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Begbroke Science Park > News and Press > GSK and Prosensa Start DMD Phase III Study
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GSK and Prosensa Start DMD Phase III Study

GlaxoSmithKline (GSK) and Prosensa have said that the first patient has commenced treatment in the Phase III clinical study investigating GSK2402968 (`968), in ambulant boys with Duchenne Muscular Dystrophy (DMD), who have a dystrophin gene mutation amenable to an exon 51 skip (up to 13 percent of boys with DMD).

Commencement of this study confirms previously revealed plans to progress this asset into Phase III.

According to GSK, this randomised, placebo controlled study will enrol 180 patients, from up to 18 countries, and is currently the most advanced ongoing study for this rare, severely debilitating, neuromuscular disease.

The study is designed to assess the efficacy and safety of GSK968 6mg/kg, once weekly, compared to placebo, for 48 weeks in ambulant boys over five years of age with DMD The primary efficacy endpoint is a measure of muscle function using the six minute walking distance test.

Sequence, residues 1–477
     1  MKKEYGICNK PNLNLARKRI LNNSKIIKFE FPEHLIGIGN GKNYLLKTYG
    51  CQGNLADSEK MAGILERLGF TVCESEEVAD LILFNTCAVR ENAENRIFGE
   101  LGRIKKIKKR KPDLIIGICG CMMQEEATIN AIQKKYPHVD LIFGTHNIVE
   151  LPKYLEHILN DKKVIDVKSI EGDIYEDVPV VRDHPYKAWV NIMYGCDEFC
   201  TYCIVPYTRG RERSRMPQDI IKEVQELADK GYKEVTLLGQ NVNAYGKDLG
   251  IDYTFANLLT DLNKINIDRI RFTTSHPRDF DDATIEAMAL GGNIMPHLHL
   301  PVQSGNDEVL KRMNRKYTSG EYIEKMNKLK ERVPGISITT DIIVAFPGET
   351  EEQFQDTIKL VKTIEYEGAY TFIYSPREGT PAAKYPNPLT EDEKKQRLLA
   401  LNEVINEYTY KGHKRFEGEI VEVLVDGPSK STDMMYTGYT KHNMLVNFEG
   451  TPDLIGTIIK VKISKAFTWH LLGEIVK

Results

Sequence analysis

GSK968, an antisense oligonucleotide, which induces exon skipping of exon 51, is currently in late stage development for DMD. It has been designated orphan drug status in the EU and US, and is being developed as part of an alliance between GlaxoSmithKline and Prosensa.

DMD is a severely debilitating childhood neuromuscular disease that affects one in 3,500 live male births. This rare disease is caused by mutations in the dystrophin gene, resulting in the absence or defect of the dystrophin protein.

The dystrophin gene is the largest gene in the body, consisting of 79 exons. Exons are small sequences of genetic code which lead to the manufacture of sections of protein. In DMD, when certain exons are mutated/deleted, the RNA cannot read past the fault. This prevents the rest of the exons being read, resulting in a non-functional dystrophin protein and the severe symptoms of DMD.

Philippe Monteyne, head of development and chief medical officer for rare diseases at GSK, said: “The commencement of this Phase III study is an important milestone. Currently, there is no approved treatment to alter the course of DMD – a disease that puts boys in wheelchairs and often leads to death in early adulthood.”

Giles Campion, chief medical officer of Prosensa, said: “We are very pleased with this achievement. It is another step forward in our joint fight against Duchenne. If the results of this study are positive, we hope it will lead to an approved treatment option for the thousands of young people worldwide living with this devastating disease.”

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Ben Roeves